Canine lung disease gene defect identified

canine lung disease
Airedale terrier. Photo: 123 RF – Anastasiya Tsiasemnikava

A severe hereditary lung disease has been described in Finnish Airedale terriers with a failure to thrive during the first days of lives. Finnish researchers at the University of Helsinki and elsewhere—whose findings are published in PLOS GENETICS—discovered the underlying gene defect in the LAMP3 gene, which may also be associated with the lung problems of certain newborn babies.

In 2007, Finnish Airedale terrier breeders sent puppies that had died only a few days after being born for pathological examinations to the Finnish Food Safety Authority (Evira), the predecessor of the Finnish Food Authority. Some litters had lost several puppies. 

A research project initiated at Evira uncovered a problem in the puppies’ lungs.

“There are vacuoles, or specialised membrane-bound organelles, in the epithelial, or superficial cells of the pulmonary alveoli, which are responsible for gas exchange,” lead author Kati Dillard said.

“They are tasked with producing a substance that reduces surface tension on the surface of these cells, essential to breathing. 

“The vacuoles in the lungs of the dead puppies hadn’t matured normally, nor were they able to produce this surfactant.”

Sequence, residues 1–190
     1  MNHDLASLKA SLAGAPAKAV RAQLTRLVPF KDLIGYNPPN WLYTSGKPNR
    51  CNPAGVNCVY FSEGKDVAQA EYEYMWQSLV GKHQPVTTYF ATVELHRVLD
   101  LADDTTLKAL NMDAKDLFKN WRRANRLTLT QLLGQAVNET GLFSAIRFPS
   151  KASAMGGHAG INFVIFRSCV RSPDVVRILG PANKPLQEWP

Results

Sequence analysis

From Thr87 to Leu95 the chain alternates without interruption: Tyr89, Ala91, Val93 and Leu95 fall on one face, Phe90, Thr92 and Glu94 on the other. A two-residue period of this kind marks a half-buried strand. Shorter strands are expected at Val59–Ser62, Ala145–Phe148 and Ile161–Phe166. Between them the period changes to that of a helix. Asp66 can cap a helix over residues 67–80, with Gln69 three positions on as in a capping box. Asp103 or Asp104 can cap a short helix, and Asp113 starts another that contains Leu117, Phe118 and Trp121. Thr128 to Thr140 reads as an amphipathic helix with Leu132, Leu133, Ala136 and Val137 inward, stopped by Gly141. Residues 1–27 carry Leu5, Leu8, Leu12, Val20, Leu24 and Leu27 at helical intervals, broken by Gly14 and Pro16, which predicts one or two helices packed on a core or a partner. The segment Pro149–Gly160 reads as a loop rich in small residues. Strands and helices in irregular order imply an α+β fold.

A look at the dead puppies’ pedigrees soon revealed that the cause was an inherited disease. The gene defect underlying the disease was located in the LAMP3 gene. 

Gene discovery fits well with the clinical picture. The gene produces a protein that functions precisely in the membranes of the vacuoles forming the surfactant.

Nearly 7000 individual dogs representing nearly 300 different breeds were screened for the gene defect, which was only found in the Airedale terrier breed. One-fifth of Airedale terriers were found to be carriers of the defect. 

In future, carriers can be identified with the help of a gene test, thus making it possible to avoid breeding combinations that give birth to sick dogs.


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